Determine your most productive hours

Different people are at their peak efficiency at different times of the day. Some are most productive after lunch when they’re full and happy. Others are most focused first thing in the morning. While others hit their peak efficiency after they’ve settled in and have been at work for an hour or two.

 

Figure out your optimum work time, and set yourself goals of doing larger or more demanding projects at that specific time.

 

Working according to your body’s natural rhythms is useful for getting things finished. Give yourself small easy tasks when you know your brain is on autopilot, and save the more complex things for when you’re at your mental best.

 

Not Sure What To Do With Your Liberal Arts Degree?

Not Sure What To Do With Your Liberal Arts Degree?

 

So you got a degree in something you are deeply interested in like the humanities or French literature. As much as it  you intellectually and emotionally, it seems that in terms of helping you find a job, it was kind of a waste of time. Well we’re here to tell you that is not true.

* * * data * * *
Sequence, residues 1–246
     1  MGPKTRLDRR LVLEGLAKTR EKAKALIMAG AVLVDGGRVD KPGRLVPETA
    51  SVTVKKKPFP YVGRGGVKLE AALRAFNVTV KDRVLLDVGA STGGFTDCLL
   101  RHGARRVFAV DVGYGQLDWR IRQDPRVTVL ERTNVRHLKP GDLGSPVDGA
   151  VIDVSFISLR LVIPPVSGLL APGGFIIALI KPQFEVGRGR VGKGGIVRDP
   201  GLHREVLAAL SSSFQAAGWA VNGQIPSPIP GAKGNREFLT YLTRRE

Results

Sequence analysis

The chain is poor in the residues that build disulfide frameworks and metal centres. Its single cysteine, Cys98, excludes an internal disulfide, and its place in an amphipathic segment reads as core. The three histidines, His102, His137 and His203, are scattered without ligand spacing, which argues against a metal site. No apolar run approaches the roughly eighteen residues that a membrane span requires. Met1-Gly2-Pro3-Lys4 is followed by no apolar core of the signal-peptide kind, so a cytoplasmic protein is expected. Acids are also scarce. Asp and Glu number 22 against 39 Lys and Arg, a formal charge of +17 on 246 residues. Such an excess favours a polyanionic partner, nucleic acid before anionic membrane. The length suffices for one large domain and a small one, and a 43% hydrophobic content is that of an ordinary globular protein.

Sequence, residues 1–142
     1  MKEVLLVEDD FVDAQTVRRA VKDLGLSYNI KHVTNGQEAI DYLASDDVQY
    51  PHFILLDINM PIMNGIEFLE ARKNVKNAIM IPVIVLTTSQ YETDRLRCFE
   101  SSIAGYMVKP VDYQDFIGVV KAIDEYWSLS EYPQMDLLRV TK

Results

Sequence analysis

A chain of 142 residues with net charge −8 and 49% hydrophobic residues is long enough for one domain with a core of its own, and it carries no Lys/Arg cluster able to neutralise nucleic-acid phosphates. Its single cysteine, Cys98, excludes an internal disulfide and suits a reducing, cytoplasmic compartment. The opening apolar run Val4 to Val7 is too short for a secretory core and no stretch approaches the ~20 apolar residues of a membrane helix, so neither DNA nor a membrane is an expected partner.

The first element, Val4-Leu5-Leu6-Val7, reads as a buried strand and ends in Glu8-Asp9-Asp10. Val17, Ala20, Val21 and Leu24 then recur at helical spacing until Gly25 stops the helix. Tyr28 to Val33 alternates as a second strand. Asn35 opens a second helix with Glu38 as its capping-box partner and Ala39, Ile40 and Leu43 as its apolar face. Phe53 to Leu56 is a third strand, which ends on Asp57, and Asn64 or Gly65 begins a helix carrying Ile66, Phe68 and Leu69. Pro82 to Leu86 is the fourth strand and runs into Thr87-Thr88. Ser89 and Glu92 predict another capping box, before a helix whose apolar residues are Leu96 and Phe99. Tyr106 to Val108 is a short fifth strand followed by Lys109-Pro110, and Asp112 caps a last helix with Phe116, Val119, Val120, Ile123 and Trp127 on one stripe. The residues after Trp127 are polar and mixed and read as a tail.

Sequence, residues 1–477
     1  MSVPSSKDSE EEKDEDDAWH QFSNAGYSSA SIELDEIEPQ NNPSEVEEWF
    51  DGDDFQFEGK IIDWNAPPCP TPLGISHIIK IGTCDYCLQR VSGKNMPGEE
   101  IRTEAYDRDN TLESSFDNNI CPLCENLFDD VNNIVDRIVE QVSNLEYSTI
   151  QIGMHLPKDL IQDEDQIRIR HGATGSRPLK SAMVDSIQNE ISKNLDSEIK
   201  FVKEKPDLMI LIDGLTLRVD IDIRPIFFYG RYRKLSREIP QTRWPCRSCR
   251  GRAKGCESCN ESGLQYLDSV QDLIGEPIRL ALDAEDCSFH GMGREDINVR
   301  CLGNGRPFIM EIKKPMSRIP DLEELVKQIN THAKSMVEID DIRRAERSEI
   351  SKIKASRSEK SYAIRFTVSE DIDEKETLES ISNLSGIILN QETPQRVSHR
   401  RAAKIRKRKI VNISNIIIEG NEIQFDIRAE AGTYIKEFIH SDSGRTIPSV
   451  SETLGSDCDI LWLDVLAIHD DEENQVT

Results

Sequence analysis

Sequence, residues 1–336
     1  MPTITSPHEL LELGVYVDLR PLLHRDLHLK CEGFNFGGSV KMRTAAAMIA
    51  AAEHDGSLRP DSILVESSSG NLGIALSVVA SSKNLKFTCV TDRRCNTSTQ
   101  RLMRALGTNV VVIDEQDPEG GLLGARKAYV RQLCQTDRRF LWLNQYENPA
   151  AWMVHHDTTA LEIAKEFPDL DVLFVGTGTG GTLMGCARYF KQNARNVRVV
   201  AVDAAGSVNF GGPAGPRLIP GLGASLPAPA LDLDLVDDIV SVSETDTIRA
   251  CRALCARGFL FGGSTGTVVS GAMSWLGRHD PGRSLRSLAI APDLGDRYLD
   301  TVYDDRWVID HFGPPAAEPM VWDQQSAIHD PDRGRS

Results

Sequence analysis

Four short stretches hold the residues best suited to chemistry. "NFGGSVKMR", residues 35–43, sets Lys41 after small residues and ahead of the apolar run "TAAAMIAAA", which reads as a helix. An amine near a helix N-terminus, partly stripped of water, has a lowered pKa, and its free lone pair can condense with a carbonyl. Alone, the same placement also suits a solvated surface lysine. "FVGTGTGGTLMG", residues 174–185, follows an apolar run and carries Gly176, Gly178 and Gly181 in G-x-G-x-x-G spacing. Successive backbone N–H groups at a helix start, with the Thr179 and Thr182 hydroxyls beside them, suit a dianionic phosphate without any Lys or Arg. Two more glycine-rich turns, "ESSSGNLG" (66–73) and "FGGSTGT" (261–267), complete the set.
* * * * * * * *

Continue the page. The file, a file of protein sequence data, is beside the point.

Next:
Emma Williams who went from a degree in Scandinavian mythology to general manager of Bing Studios at Microsoft explains the connection between humanities degrees and jobs in tech (or other fields). “You become very skilled in new subject areas and understanding them deeply….You have a broader understanding (of different subjects) and a better set of capabilities than just having a computer science degree.”

 

Check out these three career inspiring stories from Fast Company

Stop Looking For A Job and Get One

Stop Looking For A Job and Get One